Sweeney Legislation Protecting Privacy Of Workers Clears Senate

A view of the Senate Chambers from the 2010-2011 Senate Reorganization.

Bans Employers/Higher Ed Institutions From Requiring Password Information

TRENTON – Legislation sponsored by Senate President Steve Sweeney (D – Gloucester, Salem, Cumberland) that would protect the privacy of workers in the private sector and at institutions of higher learning cleared the full Senate today.

The first bill, S1915, also sponsored by Senator Jim Whelan (D – Atlantic), would prohibit an employer from requiring a current or prospective employee from having to provide or disclose any electronic user name or password, or in any way provide the employer access to a personal account, such as Facebook. The second bill, S1916, would provide the same prohibitions against any private or public institution of higher learning in New Jersey.

“People deserve to have privacy in their lives, no matter what they might do or where they work for a living,” said Sweeney. “The fact that employers were using social networking sights to skirt the law is deplorable. This legislation will close that loophole and allow people at least some piece of privacy in their lives.”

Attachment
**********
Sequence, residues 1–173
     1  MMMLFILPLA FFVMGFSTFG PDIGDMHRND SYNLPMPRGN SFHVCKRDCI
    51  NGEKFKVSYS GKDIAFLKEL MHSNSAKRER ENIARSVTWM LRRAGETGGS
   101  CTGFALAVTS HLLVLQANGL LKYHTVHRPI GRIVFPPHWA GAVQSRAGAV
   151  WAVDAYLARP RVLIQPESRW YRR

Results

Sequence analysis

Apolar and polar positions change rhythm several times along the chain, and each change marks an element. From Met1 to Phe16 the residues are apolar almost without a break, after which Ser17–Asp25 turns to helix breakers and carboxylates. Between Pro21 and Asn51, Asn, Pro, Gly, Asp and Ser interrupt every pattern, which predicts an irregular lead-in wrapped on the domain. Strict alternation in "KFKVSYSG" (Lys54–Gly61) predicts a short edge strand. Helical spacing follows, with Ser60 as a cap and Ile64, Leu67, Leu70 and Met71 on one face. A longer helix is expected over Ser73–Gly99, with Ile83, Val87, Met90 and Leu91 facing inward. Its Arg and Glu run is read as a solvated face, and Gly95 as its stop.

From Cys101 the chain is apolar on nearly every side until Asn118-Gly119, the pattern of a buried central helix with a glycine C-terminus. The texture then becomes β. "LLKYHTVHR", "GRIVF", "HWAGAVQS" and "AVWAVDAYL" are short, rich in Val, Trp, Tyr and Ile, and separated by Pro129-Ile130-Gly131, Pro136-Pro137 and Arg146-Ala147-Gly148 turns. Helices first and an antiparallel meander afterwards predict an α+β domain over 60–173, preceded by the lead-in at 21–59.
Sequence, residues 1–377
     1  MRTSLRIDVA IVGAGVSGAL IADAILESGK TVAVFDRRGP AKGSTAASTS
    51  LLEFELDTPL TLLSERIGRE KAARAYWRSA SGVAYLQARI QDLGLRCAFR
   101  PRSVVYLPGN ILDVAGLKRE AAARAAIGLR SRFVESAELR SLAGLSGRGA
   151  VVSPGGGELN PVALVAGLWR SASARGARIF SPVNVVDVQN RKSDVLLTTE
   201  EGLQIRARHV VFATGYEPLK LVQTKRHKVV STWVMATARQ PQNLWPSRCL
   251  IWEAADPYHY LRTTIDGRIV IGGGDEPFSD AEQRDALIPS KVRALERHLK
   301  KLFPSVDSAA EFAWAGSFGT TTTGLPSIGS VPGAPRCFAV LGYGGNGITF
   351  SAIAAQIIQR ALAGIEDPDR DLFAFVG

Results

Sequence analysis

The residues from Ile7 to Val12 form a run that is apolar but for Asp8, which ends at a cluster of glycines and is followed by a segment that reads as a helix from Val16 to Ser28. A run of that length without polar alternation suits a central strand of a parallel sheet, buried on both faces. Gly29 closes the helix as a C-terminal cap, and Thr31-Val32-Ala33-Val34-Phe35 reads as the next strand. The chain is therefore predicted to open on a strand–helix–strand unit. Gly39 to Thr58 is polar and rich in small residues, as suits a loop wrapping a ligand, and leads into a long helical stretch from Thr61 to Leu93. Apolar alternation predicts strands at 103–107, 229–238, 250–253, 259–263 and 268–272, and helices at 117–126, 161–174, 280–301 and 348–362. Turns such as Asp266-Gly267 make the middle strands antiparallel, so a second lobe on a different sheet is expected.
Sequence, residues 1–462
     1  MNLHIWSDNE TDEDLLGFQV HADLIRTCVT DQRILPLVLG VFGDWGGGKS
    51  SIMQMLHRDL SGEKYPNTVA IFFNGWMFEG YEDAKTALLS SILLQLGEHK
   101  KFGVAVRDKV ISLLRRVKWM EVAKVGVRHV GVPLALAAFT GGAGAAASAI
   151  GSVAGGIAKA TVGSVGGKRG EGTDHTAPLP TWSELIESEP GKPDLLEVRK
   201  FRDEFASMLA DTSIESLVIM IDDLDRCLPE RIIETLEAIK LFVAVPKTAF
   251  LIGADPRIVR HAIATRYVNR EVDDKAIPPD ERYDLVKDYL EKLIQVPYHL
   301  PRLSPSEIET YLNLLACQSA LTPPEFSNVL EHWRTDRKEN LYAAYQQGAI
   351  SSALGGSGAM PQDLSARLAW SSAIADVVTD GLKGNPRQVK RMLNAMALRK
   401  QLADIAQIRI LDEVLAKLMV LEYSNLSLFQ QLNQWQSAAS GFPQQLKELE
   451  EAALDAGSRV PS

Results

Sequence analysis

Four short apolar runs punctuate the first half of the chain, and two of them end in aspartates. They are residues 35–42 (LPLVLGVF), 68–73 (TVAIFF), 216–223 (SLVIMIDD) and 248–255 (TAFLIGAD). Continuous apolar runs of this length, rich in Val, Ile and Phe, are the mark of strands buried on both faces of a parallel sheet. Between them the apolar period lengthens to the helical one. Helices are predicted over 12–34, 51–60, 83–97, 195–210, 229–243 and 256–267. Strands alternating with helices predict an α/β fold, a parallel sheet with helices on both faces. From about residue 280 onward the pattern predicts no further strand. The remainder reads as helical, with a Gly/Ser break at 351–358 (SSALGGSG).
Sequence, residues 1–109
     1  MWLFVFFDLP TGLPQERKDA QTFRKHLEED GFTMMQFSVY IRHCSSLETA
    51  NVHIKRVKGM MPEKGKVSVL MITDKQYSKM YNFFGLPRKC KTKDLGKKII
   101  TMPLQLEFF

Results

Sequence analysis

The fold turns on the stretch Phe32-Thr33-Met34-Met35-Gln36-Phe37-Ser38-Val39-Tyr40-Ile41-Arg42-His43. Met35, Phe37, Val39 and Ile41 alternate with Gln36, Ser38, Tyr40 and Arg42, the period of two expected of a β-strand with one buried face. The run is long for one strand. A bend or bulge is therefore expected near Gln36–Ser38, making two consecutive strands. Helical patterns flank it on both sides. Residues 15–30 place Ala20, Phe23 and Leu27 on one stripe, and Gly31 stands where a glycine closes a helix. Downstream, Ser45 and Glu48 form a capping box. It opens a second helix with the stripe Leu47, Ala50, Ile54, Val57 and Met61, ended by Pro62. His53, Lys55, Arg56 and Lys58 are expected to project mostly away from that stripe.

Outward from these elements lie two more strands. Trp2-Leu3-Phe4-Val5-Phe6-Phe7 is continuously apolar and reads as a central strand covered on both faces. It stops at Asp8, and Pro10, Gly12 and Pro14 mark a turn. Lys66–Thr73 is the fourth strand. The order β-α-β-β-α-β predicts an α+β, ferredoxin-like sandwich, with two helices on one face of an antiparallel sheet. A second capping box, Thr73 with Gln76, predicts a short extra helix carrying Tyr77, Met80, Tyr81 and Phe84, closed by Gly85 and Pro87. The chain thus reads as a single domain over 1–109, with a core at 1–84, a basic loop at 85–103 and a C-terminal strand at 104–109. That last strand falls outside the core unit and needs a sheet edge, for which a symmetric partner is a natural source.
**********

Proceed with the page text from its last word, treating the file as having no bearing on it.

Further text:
“Employers are entitled to know about the people they are hiring, but there is a line that shouldn’t be crossed,” said Whelan. “We can’t simply start using people’s personal profiles to make blanket judgments on who they are. Everyone is entitled to at least some sliver of privacy.”

Earlier this year, the Associated Press reported on a growing trend by private and public sector employers asking current and prospective employees for their social media passwords as part of a job interview process or to conduct background checks. Further reports indicated that prospective employers were reviewing job applicants’ social media accounts to get answers to questions they could not legally ask. Maryland and Illinois have passed laws to prohibit employers from asking for social media credentials. California has introduced similar legislation.

Both bills now head to the Assembly.

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